In United States v. Arriaga, CAAF holds that housebreaking is an LIO of burglary (an alternate argument was that even if the HB was an LIO, they MJ erred in instructing on the offense because it wasn’t raised by the evidence), and that appellant was denied a “speedy” post-trial review.
The post-trial delay arguments raised in this case compel a brief review of this court’s recent appellate delay decisions before we turn to an analysis of the delay in Arriaga’s case.
Arriaga’s court-martial was completed on August 28, 2008. It took the court reporter eighty-two days to complete the record of trial. It then took trial counsel eighty days to authenticate the record of trial (162 days after trial). It took the military judge twenty-five days to authenticate the record of trial (187 days after trial). The convening authority took his action twenty-six days later, 243 days after trial.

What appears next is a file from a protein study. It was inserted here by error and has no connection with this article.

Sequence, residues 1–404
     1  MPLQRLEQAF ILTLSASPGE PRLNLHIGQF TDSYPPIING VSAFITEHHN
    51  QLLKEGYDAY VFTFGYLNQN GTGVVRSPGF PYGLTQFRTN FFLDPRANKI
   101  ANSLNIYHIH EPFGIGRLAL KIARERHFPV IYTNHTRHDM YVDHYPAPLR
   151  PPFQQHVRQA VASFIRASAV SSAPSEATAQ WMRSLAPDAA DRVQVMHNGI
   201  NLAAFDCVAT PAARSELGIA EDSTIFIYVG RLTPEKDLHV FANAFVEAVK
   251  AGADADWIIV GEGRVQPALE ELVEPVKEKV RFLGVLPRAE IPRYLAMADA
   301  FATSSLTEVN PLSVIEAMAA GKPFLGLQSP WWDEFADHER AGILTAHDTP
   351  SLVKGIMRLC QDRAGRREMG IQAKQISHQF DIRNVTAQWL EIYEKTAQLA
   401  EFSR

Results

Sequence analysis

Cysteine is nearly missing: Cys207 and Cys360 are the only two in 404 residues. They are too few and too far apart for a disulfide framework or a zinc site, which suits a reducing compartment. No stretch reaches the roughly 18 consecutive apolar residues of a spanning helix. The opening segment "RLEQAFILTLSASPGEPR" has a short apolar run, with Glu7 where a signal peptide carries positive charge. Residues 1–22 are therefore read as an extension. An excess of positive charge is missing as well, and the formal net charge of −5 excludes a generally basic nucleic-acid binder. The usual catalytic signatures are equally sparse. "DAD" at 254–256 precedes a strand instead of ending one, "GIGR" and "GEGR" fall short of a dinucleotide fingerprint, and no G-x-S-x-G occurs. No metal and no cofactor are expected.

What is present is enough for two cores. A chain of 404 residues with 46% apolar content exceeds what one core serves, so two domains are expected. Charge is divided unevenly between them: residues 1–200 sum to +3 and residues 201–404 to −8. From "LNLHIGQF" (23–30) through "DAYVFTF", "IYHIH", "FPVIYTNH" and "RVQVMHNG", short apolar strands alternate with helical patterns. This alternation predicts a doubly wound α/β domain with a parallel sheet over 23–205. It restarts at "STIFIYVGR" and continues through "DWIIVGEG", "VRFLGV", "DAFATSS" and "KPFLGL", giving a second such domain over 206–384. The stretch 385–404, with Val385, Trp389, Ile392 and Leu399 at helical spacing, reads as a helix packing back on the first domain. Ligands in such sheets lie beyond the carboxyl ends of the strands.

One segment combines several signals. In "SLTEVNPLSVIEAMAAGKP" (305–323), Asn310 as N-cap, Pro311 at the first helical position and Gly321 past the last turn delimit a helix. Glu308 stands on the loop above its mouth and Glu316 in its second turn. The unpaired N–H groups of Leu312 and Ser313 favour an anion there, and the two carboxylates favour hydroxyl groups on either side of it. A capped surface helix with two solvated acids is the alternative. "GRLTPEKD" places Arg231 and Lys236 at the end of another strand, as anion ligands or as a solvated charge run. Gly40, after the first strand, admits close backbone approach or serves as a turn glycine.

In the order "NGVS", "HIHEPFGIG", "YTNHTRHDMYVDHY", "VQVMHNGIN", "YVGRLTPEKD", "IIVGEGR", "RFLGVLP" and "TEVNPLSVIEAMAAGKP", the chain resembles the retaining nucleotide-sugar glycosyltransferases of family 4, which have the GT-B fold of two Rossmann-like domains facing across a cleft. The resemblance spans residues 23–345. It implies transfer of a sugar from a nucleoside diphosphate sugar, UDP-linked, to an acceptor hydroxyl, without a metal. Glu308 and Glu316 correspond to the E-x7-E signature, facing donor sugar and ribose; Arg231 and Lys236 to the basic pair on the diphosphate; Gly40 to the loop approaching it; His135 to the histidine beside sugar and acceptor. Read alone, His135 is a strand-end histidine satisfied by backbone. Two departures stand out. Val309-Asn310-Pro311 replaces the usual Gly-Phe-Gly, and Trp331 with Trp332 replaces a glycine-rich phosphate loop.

The Government argues that it “exercised due diligence” in preparing the record of trial while dealing with “two deployed senior captains, a pregnant trial counsel who reviewed the transcript while on maternity leave, inexperienced remaining captains in the office, a very heavy case load, and this fully-litigated 8-volume record of trial.” We have held that personnel and administrative issues, such as those raised by the Government in this case, are not legitimate reasons justifying otherwise unreasonable post-trial delay.
In this case:
Arriaga has suffered specific prejudice in the form of oppressive incarceration as a result of the posttrial